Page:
OPT is an off-campus employment option for international students on an F-1 visa. You are allowed a total of 12 months of employment (with a STEM degree, it is possible to extend up to 24 months). While you can do as much CPT as your degree program requires, if you participate in 12 months or more of CPT, you will not be eligible for OPT. As always, reach out to Bechtel for information and details on OPT.
English Writing and Language Resources
There are many resources at Stanford to support students who wish to explore and develop English speaking and writing skills. We encourage you to utilize these resources and participate in some or all of the many programs offered on campus. The Hume Center provides free resources to all students at every stage of their academic career, and has programs in writing, speaking, and tutoring. You may choose to make an appointment to see a tutor, or go to drop-in tutoring, for writing and/or oral communication guidance.
There are also 1-2 unit courses that you may be interested in, such as ORALCOMM 105, Voice and Articulation Intensive for Non-Native English Speakers, and PWR 1WS, which is a Program in Writing and Rhetoric course designed for multilingual and/or international student writers.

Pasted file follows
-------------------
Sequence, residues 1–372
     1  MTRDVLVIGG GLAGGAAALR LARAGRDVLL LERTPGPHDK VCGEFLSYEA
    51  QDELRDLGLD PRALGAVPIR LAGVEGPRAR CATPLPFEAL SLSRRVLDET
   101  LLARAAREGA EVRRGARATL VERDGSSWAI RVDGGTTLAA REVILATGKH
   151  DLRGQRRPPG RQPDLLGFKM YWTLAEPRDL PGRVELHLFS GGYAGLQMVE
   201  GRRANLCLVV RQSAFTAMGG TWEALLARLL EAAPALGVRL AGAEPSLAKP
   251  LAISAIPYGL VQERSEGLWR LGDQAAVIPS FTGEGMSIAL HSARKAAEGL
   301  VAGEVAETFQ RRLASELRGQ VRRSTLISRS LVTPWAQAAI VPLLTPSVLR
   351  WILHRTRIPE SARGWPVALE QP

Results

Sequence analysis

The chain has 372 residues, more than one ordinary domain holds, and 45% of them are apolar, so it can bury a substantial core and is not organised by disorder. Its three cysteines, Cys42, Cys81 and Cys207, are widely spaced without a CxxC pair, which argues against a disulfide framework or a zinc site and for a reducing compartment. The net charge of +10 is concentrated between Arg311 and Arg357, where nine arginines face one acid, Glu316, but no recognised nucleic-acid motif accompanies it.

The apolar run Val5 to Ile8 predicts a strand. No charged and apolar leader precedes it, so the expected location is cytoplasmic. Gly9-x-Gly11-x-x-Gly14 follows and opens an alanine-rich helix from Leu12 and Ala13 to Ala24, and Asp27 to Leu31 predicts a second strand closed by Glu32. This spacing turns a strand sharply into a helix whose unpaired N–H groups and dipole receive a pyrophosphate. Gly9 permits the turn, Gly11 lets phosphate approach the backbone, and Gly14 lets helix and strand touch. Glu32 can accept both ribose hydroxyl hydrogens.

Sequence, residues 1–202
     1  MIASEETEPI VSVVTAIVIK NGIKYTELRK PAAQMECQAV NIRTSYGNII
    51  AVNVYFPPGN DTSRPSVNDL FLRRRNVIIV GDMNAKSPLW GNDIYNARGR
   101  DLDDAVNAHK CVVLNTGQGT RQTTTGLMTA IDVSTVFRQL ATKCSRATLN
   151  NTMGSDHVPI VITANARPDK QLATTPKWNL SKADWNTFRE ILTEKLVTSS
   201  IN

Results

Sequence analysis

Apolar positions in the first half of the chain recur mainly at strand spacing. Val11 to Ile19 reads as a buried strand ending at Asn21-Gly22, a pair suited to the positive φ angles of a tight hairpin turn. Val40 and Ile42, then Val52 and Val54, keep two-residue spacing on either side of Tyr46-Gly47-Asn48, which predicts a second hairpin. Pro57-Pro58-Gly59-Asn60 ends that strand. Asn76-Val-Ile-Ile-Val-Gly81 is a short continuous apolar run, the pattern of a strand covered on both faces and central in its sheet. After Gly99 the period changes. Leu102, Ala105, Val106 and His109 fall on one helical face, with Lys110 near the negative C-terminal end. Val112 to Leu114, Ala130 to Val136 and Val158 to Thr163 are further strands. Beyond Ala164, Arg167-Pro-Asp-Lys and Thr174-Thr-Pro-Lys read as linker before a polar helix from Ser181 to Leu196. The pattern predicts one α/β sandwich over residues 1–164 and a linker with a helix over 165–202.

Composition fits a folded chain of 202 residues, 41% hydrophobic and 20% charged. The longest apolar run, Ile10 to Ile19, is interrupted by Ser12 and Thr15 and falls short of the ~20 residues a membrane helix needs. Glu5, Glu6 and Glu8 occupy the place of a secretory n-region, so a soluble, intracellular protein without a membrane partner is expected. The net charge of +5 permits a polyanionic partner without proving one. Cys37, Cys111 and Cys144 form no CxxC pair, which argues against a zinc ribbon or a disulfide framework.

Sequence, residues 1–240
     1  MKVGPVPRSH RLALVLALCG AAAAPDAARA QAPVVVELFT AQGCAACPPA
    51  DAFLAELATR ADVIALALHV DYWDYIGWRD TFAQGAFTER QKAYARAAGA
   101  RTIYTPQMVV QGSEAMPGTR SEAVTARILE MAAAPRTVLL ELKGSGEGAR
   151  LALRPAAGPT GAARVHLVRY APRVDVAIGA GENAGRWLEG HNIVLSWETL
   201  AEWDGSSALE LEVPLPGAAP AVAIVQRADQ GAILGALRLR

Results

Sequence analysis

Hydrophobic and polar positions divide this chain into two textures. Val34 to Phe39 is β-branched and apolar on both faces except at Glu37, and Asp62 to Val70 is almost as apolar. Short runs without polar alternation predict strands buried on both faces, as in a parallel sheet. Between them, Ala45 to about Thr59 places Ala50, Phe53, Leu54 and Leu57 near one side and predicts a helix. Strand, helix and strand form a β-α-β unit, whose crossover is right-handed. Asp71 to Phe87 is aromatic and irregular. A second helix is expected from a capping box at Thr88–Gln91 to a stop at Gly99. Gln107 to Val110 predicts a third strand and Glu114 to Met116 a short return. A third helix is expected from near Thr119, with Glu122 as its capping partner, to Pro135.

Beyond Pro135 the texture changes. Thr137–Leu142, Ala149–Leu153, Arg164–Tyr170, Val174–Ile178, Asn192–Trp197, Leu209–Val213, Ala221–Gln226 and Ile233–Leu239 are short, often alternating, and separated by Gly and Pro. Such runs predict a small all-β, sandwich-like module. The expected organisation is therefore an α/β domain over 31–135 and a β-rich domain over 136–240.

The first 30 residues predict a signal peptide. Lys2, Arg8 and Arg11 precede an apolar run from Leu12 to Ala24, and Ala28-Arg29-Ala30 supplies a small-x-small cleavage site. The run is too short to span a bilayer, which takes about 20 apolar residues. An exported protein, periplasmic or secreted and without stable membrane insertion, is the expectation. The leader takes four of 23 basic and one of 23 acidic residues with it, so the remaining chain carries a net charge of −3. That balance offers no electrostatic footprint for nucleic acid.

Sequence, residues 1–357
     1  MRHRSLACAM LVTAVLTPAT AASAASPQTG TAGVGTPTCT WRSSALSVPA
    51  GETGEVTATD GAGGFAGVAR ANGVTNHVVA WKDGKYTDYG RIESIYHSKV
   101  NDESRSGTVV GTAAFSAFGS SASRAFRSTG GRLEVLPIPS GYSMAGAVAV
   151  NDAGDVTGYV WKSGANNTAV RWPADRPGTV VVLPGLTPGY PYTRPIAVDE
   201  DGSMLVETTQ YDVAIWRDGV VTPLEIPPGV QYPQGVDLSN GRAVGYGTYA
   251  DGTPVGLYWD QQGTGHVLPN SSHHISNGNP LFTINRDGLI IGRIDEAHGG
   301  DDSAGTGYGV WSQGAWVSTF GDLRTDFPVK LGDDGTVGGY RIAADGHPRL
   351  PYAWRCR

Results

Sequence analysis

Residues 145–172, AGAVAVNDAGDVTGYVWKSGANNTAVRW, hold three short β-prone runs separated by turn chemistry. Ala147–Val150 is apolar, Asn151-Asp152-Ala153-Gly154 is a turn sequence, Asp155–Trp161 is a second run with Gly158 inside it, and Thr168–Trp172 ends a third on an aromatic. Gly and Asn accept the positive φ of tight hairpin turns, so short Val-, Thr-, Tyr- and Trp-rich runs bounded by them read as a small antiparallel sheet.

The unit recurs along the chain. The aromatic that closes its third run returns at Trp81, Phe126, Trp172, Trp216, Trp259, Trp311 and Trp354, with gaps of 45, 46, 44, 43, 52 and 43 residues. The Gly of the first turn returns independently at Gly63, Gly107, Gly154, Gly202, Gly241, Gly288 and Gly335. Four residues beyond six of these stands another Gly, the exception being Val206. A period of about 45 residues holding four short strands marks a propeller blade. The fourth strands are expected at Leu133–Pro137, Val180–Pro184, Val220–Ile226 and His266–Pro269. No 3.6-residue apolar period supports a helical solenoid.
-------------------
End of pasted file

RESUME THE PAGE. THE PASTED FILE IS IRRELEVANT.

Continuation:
Thursday English Afternoons (T.E.A.) is a wonderful free program that offers conversation practice for multilingual learners at Stanford. T.E.A. sessions meet each week during Weeks 3 through 10 of the quarter in the Hume Center. T.E.A. sessions offer an opportunity for general conversation practice and an introduction to academic speaking.
Want to thrive in your academics? Check out our page on free tutoring, academic skills coaching, and support courses to learn about all the academic resources available to you.
It's important to find ways to focus on your health, happiness, and well-being at Stanford. Our list of wellness resources on campus can give you a place to start!
Joining one of our seven community centers at Stanford can be a great way to find people you connect with. The community centers also host a number of academic resources, networking, mentorship, and leadership opportunities, and can help you get engaged with a broader community.